You cater events and video shoots for a lot of rappers. How did that opportunity come about?
Everything just happened organically. I've been really blessed 'cause I'm on the cusp of both worlds and I have real relationships with these artists, and I've really cooked for them. It started with cooking in the studio for them. They’d call up and ask me to bring over food, and now it’s turned into something I’m doing commercially. When you see Yo Gotti, NORE, and Fat Joe, they're my friends—it's not just Instagram content. I've been around artists so long I'm professional and it's not like groupies. So catering for the artists happened organically. They come to the truck, they taste the food, they have an event coming up and they want some Caribbean soul food, and I'm the guy they call.
Beyond Bun B, you’ve also worked closely with Pitbull. What are his food tastes like?
Actually, the last thing I did for Pitbull was the"Fun" video he did with Chris Brown—I catered for the whole set. It's funny how it’s come full circle—me and Pit have actually been talking about him coming in as an investor in one of my restaurants.
What do you like to serve up for Pitbull?
Pitbull eats more healthy now, but when I cooked for him on set I did this coconut pineapple rice: the rice is inside of a pineapple with Thai chicken on it. He loved that. When he signed his deal to Sony, I cooked some stuff at his house—I cooked more hearty food for him then, some kind of seafood alfredo.
What sort of menu did you come up with when you catered for A$AP Rocky and the A$AP Mob?
Well A$AP Rocky, that’s like my little brother there. You know they're all pescatarians? They don't eat any kind of meat so I always have to try to find creative ways to do different variations of seafood for them.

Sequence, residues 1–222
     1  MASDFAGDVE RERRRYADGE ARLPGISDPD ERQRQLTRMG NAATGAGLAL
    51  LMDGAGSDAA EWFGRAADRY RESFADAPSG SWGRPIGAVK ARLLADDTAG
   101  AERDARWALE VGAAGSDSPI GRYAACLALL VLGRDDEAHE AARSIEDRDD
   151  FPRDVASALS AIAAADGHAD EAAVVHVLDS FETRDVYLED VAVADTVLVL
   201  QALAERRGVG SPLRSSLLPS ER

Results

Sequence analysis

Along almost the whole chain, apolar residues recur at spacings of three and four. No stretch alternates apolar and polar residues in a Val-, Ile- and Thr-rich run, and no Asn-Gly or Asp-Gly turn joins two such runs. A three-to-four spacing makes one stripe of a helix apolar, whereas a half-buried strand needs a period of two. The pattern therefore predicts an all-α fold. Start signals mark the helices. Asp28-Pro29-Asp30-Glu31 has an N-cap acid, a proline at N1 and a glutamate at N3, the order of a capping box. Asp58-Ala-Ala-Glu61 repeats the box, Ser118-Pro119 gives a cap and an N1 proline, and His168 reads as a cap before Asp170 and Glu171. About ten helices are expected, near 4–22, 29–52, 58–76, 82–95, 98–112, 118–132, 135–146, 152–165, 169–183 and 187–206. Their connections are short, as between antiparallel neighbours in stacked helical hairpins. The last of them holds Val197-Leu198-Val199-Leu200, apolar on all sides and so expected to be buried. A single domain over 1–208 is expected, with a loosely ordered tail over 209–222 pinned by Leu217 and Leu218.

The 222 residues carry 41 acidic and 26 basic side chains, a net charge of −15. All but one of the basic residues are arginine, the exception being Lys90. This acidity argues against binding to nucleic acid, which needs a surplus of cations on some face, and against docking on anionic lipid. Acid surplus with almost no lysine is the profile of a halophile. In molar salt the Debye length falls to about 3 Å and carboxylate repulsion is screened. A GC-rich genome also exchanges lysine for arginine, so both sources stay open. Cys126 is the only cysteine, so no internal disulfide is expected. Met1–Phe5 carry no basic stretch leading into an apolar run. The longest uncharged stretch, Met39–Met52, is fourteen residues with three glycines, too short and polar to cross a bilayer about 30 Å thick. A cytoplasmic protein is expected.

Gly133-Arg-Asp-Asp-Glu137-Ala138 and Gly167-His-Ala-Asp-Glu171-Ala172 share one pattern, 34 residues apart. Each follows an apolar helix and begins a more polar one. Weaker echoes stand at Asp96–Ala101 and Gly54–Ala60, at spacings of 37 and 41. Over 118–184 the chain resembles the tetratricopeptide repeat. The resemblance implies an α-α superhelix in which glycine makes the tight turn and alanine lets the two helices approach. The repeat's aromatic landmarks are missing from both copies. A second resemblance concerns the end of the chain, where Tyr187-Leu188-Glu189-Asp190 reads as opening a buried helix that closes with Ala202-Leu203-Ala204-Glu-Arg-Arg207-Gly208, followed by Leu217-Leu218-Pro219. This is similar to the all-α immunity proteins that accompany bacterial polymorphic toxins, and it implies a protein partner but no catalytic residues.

What’s been the most prestigious event you’ve catered?
The Venus and Serena Williams Invitational was the biggest one we've done so far. It was two days of events and the first day was finger food 'cause they had this dance competition. We did chicken and waffle skewers, turkey burger sliders. The second day was different stations, so I did everything from turkey bacon wrapped scallops to all the different macs, and grilled lobster tails. Plus Venus loves tacos so I did some with pulled chicken tacos, ground turkey, and smoked turkey legs.
Your Instagram account also shows a photo of you with Uncle Luke, who you call your “mentor.”
Yeah, Uncle Luke gave me my first job in the music industry, back when Pit was signed to Luke’s label at the time. We went on tour and that's how we got cool. When he got out of his contract, I'd started a new marketing company, but Luke was the first person to give me a shot and taught me a lot of stuff about how to work records and really understand the market and these DJs and program directors. That was right when I came off my job at Red Lobster.
Luke comes to my barbecues at my house. We're really good friends. Last time, I think it was 4th of July and it was really just jerk chicken, the mac and cheese, we did turkey burger sliders. But Luke actually cooks too. His profession at one point in life was as a chef.
Has Luke told you any kitchen tips or techniques?
I never really got a chance to get on there and do nothing with him, but I went to a barbecue for Game 7 [ of this year’s NBA Finals] at his house and he cooked steaks.
If you could make a signature mac and cheese for Uncle Luke, what would be in it?
A lot of [chicken] breast, ha ha, Luke is definitely all about the breasts!